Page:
Climate Science Watch’s call for a national adaptation strategy in climate legislation was buttressed by the recommendations in a new congressional Government Accountability Office report released at an October 22 hearing of the House Select Committee on Energy Independence and Global Warming. Expert witnesses told Committee Chairman Ed Markey and other members that, while climate change adaptation cannot effectively substitute for emissions reduction efforts, federal guidance and investment in adaptation efforts nationwide are essential to protecting against unavoidable disruptive impacts.
Post by Alexa Jay and Rick Piltz
The House Select Committee hearing “Preparing the United States for Global Warming’s Impacts” (hearing testimony is at this link) addressed the appropriate role of the federal government in preparing for the significant impacts we will face “even in the case of deep reductions in future heat-trapping emissions.”
Chairman Markey emphasized the risk posed by these impacts, saying that Hurricane Katrina foreshadowed the scope of the disasters we will experience if we do not prepare adequately.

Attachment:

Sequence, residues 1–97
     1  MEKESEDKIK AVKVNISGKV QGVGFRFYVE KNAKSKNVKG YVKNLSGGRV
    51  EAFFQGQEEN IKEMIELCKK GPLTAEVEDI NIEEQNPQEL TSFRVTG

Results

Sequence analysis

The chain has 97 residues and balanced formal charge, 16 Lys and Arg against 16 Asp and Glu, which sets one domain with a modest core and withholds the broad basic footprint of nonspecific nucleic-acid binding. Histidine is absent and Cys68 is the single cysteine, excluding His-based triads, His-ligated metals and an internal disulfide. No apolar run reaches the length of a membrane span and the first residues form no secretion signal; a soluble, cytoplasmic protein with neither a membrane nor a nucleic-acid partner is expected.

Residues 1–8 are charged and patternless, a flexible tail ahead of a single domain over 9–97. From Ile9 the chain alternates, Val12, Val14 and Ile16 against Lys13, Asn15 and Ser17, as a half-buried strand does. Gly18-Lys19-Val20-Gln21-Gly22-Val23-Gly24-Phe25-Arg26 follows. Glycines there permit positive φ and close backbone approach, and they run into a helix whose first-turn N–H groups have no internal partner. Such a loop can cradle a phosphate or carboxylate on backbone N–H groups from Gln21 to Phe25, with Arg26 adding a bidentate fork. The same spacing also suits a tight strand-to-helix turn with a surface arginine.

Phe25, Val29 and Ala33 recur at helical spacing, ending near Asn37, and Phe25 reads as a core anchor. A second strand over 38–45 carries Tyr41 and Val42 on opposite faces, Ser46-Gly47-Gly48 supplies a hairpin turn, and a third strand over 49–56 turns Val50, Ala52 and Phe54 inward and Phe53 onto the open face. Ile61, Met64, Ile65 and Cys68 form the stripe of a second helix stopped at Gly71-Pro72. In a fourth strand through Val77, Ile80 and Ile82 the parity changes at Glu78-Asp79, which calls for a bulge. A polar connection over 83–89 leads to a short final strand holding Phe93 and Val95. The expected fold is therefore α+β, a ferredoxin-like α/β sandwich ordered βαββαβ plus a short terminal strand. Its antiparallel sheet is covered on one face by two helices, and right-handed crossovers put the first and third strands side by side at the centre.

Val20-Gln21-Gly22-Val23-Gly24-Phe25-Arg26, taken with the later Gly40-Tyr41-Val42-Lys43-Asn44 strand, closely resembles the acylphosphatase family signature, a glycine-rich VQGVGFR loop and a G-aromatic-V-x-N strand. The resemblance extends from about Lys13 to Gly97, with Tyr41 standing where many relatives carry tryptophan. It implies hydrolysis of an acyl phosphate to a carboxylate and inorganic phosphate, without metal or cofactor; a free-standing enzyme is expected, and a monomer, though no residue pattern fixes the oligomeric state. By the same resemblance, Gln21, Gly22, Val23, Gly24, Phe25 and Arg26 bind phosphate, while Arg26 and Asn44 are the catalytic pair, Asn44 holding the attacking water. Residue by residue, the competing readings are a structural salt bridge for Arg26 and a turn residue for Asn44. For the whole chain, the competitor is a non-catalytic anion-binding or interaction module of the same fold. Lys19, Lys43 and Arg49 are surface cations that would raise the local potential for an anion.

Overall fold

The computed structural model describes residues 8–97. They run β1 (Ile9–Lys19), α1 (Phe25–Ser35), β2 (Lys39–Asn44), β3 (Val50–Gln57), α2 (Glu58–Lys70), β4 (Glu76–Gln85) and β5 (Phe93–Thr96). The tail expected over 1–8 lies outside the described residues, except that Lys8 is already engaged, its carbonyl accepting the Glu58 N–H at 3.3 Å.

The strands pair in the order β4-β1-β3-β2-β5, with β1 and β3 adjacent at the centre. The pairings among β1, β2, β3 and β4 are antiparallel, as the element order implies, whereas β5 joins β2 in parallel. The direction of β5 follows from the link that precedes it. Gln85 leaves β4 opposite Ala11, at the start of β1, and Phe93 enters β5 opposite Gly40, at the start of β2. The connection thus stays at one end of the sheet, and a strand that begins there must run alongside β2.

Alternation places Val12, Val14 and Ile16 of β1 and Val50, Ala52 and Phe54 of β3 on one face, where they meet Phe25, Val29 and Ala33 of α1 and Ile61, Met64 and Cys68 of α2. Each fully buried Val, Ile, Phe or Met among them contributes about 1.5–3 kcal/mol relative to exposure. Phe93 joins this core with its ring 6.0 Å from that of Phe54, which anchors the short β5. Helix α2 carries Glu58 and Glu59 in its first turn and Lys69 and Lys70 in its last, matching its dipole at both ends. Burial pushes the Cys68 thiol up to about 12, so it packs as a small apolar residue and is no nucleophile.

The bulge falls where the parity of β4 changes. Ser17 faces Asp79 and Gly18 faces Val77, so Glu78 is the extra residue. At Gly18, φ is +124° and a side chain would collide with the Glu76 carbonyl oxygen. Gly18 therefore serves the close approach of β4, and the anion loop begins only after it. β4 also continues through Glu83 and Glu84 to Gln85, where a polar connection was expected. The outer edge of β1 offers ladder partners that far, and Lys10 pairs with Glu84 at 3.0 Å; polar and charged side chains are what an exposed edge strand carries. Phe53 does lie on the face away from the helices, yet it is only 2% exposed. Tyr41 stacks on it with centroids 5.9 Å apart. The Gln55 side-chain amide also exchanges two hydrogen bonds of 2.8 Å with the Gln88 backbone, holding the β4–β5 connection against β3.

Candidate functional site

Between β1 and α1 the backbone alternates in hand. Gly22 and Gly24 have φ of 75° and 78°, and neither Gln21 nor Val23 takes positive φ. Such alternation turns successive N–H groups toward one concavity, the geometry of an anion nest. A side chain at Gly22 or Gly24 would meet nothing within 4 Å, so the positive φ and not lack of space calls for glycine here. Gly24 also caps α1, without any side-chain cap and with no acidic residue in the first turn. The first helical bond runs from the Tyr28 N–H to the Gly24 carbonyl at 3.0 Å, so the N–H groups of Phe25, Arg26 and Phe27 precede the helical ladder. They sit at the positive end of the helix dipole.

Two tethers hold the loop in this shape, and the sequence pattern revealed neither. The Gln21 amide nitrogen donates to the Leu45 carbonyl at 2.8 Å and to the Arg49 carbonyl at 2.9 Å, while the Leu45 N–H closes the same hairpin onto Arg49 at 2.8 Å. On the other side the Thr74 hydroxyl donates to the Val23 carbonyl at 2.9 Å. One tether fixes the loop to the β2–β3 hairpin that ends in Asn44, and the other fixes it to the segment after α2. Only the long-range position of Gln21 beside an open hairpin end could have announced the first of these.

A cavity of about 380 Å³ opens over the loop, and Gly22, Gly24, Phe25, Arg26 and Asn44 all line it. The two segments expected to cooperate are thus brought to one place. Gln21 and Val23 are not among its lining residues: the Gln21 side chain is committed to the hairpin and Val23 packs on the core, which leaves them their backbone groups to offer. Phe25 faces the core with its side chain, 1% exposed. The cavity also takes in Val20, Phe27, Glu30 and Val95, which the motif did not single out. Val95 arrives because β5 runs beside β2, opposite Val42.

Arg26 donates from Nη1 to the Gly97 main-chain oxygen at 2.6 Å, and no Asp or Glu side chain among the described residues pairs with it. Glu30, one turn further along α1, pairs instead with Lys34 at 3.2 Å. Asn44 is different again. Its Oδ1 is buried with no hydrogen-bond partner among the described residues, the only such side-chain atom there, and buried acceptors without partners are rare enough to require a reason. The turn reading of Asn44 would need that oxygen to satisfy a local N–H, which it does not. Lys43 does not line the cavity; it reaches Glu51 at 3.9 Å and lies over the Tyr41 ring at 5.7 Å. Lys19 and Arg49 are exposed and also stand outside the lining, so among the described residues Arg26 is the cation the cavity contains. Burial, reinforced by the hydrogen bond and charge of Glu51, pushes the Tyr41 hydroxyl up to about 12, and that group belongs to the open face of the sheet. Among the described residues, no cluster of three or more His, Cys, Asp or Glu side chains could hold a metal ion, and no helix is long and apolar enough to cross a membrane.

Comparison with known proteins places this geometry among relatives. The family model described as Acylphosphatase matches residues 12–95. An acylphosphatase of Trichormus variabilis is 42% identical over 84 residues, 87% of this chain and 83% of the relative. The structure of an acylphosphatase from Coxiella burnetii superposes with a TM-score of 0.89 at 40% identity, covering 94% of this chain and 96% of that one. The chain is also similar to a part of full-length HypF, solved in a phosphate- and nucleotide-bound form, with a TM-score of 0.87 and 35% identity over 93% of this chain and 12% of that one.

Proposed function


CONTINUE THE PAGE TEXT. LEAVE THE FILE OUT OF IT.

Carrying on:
Markey said that, as proposed in the Waxman-Markey climate and clean energy bill passed by the House in June, we must emphasize both adaptation and mitigation. “We cannot adapt our way out of global warming,” the chairman said.
However, mitigation efforts alone will not safeguard the country against the full weight of impacts, and Markey noted that we must coordinate federal, state, and local efforts on adaptation. To that end, the chairman asked the Government Accountability Office (GAO) to examine: (1) what actions federal, state, local, and international authorities are taking to adapt to a changing climate; (2) the challenges that federal, state, and local officials face in their efforts to adapt; and (3) actions that Congress and federal agencies could take to help address these challenges.
The resulting GAO report, released in connection with the hearing, recommends the development of a national strategic adaptation plan that will provide assistance for state and local entities in implementing their own preparedness strategies.
John Stephenson, Director of the Natural Resources and Environment Office at the GAO, testified that the institutions that will be affected by climate change are unprepared both conceptually and materially to deal with impacts.